Trade tensions destabilise the financial markets. Breaking with the relative calm that had dominated the financial scenario during the first few months of the year, in May risk aversion took hold in the global markets. The optimism among investors seen in the previous months – supported by the trade tensions being steered in the right direction, the easing off on the tightening of monetary policy by the major central banks and favourable economic data – made an about turn when the US Administration announced a tariff hike on Chinese imports. This announcement, which surprised the market, led investors to reassess their expectations and aroused fears that the trade tensions will have a higher price in terms of economic growth. Thus, it resulted in a surge in volatility and risk aversion, which increased the preference for safe haven assets (such as US and German sovereign debt, the dollar and gold). On the other hand, in this context of greater uncertainty the central banks maintained their messages of patience, reiterated their intention not to tighten monetary policy in the near future and offered a relatively positive view of the macroeconomic environment in the medium term, noting, however, that the risks continue to be biased to the downside.
The stock market staggers. During the first four months of the year, investor optimism had resulted in substantial gains in the stock markets (+15.6% in the MSCI global index). In May, however, the tables turned. The rebound in trade tensions between the US and China, coupled with the publication of economic activity data confirming that the global economy is growing at a more moderate pace, diminished investor sentiment. Such was the importance assigned to these aspects by investors that little attention was paid to the positive surprises of the Q1 business profits season in the major economies (led by the consumption and technology sectors). Thus, in an environment of greater uncertainty and volatility, the losses were spread across the global equity markets and the S&P 500, the EuroStoxx 50 and the MSCI index for the emerging markets bloc fell by around 7%. By region, the losses were particularly significant in the Asian stock markets, and the MSCI index for emerging Asia fell by around 9%. In Latin America, meanwhile, the stock markets moved more to the sound of factors specific to the region and the MSCI index for Latin America fell by less than 2.5%.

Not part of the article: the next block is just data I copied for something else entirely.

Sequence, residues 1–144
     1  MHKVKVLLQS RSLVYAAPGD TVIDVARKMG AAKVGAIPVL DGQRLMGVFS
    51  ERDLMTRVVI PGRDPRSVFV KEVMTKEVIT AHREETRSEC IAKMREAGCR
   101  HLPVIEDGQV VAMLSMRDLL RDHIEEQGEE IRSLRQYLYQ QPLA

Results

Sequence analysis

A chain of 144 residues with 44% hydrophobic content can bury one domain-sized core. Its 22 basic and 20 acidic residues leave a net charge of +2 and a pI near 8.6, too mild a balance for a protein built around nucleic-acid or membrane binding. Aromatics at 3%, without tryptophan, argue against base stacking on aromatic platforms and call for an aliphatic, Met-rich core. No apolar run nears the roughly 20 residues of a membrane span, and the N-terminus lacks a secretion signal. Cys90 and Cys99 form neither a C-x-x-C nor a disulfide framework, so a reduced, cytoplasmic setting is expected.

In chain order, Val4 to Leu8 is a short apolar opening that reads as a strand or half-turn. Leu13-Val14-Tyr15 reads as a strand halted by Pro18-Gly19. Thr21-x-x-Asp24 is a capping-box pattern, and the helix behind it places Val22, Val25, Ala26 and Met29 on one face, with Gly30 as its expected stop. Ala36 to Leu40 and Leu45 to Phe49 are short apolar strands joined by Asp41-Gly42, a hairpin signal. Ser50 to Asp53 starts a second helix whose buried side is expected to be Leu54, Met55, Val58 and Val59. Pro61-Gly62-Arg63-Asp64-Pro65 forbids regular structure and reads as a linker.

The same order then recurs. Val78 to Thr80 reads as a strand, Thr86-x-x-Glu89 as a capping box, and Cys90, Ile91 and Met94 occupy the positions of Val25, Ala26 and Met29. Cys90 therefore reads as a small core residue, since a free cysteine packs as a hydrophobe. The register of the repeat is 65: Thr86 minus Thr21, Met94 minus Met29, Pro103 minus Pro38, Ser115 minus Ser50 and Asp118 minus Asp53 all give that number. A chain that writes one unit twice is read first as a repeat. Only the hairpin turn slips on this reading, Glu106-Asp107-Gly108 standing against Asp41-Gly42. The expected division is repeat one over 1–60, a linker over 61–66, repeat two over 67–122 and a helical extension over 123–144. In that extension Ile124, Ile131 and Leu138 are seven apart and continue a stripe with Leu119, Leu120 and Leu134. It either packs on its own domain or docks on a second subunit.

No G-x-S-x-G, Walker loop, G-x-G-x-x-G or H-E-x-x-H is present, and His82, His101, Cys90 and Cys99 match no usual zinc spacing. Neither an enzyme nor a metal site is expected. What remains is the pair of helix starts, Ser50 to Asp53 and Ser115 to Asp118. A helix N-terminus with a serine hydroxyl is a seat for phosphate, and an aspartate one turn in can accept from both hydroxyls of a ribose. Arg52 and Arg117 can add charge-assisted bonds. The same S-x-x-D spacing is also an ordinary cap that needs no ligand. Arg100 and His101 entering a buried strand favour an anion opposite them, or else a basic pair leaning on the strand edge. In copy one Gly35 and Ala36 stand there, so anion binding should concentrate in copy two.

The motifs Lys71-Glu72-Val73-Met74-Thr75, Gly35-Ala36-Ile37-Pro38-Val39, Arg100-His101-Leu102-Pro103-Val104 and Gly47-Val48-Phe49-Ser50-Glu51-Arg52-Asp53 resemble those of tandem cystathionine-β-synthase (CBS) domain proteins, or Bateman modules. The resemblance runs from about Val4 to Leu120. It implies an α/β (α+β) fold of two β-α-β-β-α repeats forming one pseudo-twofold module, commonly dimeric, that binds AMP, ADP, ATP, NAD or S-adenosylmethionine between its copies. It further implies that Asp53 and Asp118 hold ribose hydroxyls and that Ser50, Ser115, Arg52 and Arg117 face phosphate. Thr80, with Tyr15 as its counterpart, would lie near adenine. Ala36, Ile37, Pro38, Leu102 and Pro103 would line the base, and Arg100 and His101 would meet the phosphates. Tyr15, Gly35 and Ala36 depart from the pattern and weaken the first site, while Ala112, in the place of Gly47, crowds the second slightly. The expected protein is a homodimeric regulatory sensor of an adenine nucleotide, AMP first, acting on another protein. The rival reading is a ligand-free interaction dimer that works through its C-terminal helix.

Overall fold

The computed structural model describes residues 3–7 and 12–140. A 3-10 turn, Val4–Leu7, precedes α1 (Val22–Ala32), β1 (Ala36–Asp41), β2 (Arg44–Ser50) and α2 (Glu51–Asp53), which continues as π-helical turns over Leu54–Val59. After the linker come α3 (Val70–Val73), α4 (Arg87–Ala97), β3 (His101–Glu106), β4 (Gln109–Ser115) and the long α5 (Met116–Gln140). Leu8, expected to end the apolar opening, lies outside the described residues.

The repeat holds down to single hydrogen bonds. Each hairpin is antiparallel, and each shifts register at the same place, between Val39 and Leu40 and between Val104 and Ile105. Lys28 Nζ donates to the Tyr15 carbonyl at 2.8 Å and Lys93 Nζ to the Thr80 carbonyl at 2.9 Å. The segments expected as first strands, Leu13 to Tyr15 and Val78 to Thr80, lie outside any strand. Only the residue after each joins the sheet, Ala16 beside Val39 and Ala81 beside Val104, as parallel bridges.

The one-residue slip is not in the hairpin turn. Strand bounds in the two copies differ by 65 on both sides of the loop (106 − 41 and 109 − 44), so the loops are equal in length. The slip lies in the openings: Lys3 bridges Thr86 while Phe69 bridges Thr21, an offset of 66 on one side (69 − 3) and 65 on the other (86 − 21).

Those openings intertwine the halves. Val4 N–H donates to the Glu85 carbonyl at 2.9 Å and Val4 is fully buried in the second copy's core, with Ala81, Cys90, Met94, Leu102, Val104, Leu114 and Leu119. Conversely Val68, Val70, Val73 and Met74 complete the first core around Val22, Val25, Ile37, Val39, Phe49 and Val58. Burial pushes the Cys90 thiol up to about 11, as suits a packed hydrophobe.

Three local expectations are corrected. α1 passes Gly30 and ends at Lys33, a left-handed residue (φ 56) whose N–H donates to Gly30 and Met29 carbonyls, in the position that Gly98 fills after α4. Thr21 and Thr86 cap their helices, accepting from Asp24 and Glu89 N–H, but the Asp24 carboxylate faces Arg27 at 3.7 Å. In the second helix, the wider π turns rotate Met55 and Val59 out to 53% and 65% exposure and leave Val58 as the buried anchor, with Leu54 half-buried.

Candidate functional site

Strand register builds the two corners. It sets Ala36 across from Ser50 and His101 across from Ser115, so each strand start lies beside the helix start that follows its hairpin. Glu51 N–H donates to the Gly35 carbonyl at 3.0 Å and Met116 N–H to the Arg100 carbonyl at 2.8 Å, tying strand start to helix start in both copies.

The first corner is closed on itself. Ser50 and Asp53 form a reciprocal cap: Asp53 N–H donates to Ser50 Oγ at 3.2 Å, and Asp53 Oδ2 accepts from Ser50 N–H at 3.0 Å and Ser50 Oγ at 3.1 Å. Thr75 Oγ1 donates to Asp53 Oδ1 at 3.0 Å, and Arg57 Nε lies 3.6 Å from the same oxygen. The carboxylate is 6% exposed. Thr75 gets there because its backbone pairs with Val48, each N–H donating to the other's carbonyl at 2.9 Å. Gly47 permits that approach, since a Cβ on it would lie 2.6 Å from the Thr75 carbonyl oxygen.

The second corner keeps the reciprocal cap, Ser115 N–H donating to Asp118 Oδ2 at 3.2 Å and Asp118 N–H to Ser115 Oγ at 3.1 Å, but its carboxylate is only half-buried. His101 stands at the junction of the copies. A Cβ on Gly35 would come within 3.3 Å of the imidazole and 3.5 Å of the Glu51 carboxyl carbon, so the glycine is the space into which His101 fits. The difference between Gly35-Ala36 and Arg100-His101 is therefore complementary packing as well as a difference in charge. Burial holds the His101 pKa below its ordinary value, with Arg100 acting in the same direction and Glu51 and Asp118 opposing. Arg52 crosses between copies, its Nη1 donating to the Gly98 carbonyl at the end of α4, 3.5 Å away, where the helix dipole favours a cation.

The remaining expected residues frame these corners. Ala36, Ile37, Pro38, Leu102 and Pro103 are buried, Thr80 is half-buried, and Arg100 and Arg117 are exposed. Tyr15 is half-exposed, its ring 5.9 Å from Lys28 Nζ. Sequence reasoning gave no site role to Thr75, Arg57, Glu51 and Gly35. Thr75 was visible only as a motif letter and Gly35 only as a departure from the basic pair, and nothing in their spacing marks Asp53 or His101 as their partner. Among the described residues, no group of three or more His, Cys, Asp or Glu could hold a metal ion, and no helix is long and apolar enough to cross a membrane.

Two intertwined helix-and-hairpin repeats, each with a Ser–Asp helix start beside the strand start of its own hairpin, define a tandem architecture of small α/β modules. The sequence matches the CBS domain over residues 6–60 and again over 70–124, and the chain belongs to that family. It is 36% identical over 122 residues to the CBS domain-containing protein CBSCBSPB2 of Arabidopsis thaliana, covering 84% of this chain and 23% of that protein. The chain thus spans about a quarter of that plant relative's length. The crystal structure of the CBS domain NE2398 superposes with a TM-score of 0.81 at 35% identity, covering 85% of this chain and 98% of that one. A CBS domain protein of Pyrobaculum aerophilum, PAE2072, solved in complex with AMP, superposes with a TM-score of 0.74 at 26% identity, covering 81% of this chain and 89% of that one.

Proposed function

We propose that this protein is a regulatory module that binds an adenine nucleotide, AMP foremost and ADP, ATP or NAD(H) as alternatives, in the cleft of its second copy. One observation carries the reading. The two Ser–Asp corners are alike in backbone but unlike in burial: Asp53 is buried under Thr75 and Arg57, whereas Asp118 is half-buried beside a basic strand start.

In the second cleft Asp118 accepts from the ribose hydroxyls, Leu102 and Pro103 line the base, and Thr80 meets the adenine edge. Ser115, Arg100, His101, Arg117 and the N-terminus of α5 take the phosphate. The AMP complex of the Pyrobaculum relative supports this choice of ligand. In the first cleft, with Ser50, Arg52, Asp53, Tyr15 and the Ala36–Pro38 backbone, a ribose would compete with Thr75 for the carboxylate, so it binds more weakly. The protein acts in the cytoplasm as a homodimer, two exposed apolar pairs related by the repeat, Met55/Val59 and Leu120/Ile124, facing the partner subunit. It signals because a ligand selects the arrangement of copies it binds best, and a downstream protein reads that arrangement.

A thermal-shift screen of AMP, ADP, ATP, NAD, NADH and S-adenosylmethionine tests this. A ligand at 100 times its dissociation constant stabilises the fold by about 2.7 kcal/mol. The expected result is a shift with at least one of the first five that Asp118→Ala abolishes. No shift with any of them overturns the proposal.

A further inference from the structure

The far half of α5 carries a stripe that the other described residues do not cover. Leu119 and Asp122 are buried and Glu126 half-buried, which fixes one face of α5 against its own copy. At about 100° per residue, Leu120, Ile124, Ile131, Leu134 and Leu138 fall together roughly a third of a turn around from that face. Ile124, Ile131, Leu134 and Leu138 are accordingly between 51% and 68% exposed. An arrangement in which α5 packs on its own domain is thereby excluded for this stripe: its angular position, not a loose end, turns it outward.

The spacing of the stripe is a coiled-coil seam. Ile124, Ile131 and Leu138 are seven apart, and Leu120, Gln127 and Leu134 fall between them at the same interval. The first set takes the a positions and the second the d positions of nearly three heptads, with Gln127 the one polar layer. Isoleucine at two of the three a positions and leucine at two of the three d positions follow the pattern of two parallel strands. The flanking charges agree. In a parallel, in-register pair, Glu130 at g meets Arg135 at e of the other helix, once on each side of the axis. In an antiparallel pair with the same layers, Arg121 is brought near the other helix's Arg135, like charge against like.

Sovereign yields reach a low point. In the fixed income markets, the heightened risk aversion resulted in a shift in the preferences of investors, who opted for safer assets such as US and German sovereign debt. This drove down both economies’ 10-year sovereign debt yields, which reached a two-year low in the case of US treasury and a three-year low in that of the bund (which once again fell into negative territory). In addition, the US sovereign yield curve inverted once again, with the 10-year yield falling below that of 3 months (which has traditionally been an early signal of recession, although there is reason to believe that this time may be different, as we have analysed in previous publications). On the other hand, risk premiums in Spain and Portugal reduced, albeit to a lesser extent than in April, bringing the yield on 10-year bonds to an all-time low and ending the month below 0.80% and 0.90%, respectively. In Italy, in contrast, the rise in tensions surrounding the government’s fiscal policy and the contradictory statements in this regard drove the country’s risk premium upwards.
The dollar remains strong and the oil price recedes. The increase in fears among investors and their preference for safer assets supported the appreciation of the US dollar against the rest of the major currencies and against the Chinese yuan in particular, in a movement that contrasted with the gradual depreciation of the dollar seen in previous months. Bucking this trend was the Japanese yen, acting as a safe haven in the financial turbulence and appreciating against the dollar, while the pound sterling weakened due to the heightened uncertainty over the future of the British Government and Brexit. In the commodity markets, the price of industrial metals, highly correlated with the business cycle, fell to levels of two years ago due to fears over the effects that the trade dispute could have on global growth. The Brent oil price, meanwhile, was more volatile than in previous months, squeezed between the upward pressures of supply factors (the sanctions imposed by the US on Iran, tensions in the Middle East and the expectation that OPEC could extend its production cuts at its meeting on 25 and 26 June) and the downward pressures of demand (related to the pessimistic shift in investor sentiment in May). In the end, it was the latter that prevailed and dragged the Brent oil price towards 65 dollars per barrel at the end of the month.
While we await their meetings in June, the central banks reiterate their messages of patience. In the face of the month’s financial turbulence, members of the major central banks (which had no monetary policy meetings in May) continued to reiterate, through their various public communications, their intention not to tighten monetary policy in the coming months. Thus, as shown in the minutes of the latest meetings of the ECB (10 April) and the Fed (1 May), the major central banks remain cautious due to the presence of downside risks, although they maintain a positive view of the economic scenario in the medium term. On the other hand, both institutions point out that inflationary pressures remain moderate, which supports a patient attitude over the next few months. However, various members of the Fed argued that the factors that have held back US inflation are temporary and will fade over the next few months, while in Europe, the members of the ECB stressed that the signs of greater buoyancy in wages boost confidence in the recovery of inflation over the medium term.